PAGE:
Last night, we were supposed to go to my aunt & uncle's for dinner. However, they had some kitchen weirdness and couldn't cook for us, at the last minute. My aunt suggested we meet in Bloomfield Hills, so I suggested Mex, a restaurant we'd passed a number of times and had wanted to try. Y'all, it was delicious! It's a very visually interesting (and loud) environment, with all kinds of neat, eclectic touches. It's kind of a mix of shabby chic, industrial, and classic Mexican touches. One large wall is taken up with paint cans, painted to represent a pair of (presumably dancing) legs. A smaller wall holds shelves of hot sauces, where patrons can browse for the perfect choice to enhance their meals. The large room is additionally divided by half walls with ropes going to the ceiling---this was particularly intriguing to Wee Boy. The patio has high walls painted a vivid green somewhere between lime and avocado and looks like someplace Frida Kahlo might have sipped on pulque.
Our waiter was very pleasant, but I found his menu advice to be rather peculiar. He was obsessed with amounts of food and seemed a bit bossy about the food. When my aunt, who has studied at the French Culinary Institute, interned for Daniel Boulud, run her own very popular restaurant in Ann Arbor, makes & sells what are often called the best baguettes in Ann Arbor, and is writing a cookbook, asked about what the best dishes were, he showed her which section of the menu would be too much food for her and which would be a reasonable amount. He even went into great detail, saying, "If you haven't eaten lunch, you might want something from this part of the menu. If you ate lunch, that'll be too much and you should order from here." It was kind of bizarre, frankly. She was a great deal more interested in which dishes are particularly tasty, rather than what size portions she might get. His assumption that she wouldn't have much of an appetite seemed insulting, too. When she ordered the ceviche and asked if she could add just one taco (they come in twos, with the option to add a third) to her order, he told her the taco would be too much. She was unconvinced. He told her she could order the taco if she ate her ceviche and decided she still wanted the taco. I bristled, but didn't say anything. I knew he'd be making an extra trip to the table with a taco later. When I ordered the coconut caipirinha for my wife, he was cautionary---"Does she love coconut? Because if she doesn't, she won't like it. It's made with coconut cream." I thought, "Um, why would she be ordering a coconut drink if she doesn't like it?" I assured him it would be just fine. She did end up disliking her drink, but only because the bartender was very heavy-handed with the cachaça. My Mex Mule (tequila instead of vodka) was fantastic!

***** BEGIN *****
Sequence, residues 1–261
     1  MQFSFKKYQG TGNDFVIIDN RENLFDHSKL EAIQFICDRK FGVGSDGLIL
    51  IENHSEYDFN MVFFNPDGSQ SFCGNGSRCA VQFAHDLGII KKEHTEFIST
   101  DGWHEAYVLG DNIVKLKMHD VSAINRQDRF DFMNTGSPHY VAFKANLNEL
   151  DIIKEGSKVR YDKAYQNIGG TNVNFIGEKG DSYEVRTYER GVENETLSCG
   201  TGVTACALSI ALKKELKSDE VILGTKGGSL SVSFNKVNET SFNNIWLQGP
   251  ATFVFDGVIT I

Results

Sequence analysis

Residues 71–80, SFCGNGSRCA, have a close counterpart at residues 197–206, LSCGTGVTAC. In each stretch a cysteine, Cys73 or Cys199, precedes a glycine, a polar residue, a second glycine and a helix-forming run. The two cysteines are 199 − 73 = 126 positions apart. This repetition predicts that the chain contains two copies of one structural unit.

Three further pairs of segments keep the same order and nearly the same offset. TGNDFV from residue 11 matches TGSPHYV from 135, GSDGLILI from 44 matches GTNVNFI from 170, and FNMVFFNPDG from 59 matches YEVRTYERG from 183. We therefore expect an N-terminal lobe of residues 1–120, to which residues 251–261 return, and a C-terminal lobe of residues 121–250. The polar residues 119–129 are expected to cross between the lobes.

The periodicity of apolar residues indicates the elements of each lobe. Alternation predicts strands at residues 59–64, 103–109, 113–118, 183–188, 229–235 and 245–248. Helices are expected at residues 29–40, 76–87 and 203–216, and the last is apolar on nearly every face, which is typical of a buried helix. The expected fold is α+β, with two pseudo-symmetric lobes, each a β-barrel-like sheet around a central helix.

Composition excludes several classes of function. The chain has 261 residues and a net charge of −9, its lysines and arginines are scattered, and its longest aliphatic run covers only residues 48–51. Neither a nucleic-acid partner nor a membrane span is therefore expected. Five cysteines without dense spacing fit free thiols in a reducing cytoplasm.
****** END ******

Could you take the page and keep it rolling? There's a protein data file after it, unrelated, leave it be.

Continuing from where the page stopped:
While I didn't like being treated like a culinary imbecile (or, at the very least, a novice) when I write a food blog, cook a wide variety of things, and previously worked as a restaurant critic, the food was very good. The guacamole was fabulously creamy, the salsa & pico were full of flavor, and the chips were house-made. My aunt enjoyed her ceviche (which was not very big at all, although it was lovely and rested on a bed of hearts of palm & avocado salad, with plantains, grapefruit, and a drizzle of pomegranate syrup) and added a steak taco, which she also thought was very good. Jeannene had two steak tacos, with elote, the traditional Mexican street corn with a honey-lime crema (when talking about the menu, our waiter made sure to let us know that "wherever you see 'crema' on the menu, that just means 'sour cream'"---which may have been helpful to folks who had no familiarity with real Mexican food and asked what it meant, but felt really patronizing to me---the assumption that we wouldn't know what it is was insulting), cotija cheese, and chiles. I also had the elote, but chose one chorizo & potato taco and one shrimp taco. They were truly fabulous. My uncle had a scrumptious-looking chicken quesadilla.
When my aunt realized our bill had come before dessert (the waiter hadn't seemed inclined to give us any, but did offer. My wife declined before I had a chance to ask to see the desserts), she asked about it. I was intrigued by the avocado icebox pie, so she ordered that, along with the tres leches cake. Again, the waiter felt he had to explain. I politely nodded through his explanation, thinking, "Dude, I probably know more about tres leches than you do." She also asked what kind of coffee they serve (she specialized in excellent-quality teas at her restaurant, but is also a coffee connoisseur). The waiter assured us that the coffee is ground fresh, but gave us not a clue what actual kind of coffee it is. Despite the unnecessary dessert lesson and the fact that the very first dessert he mentioned, with a great pause as though he was assuming we would just delightedly order that, was fried ice cream, I greatly enjoyed the desserts. In fact, the cake was one of the best tres leches cakes I've had. The avocado icebox pie, which reminded me of a well-made mojito, was a refreshing, creamy custard redolent with lime and mint, on a pecan crust base. A perfect ending to the meal!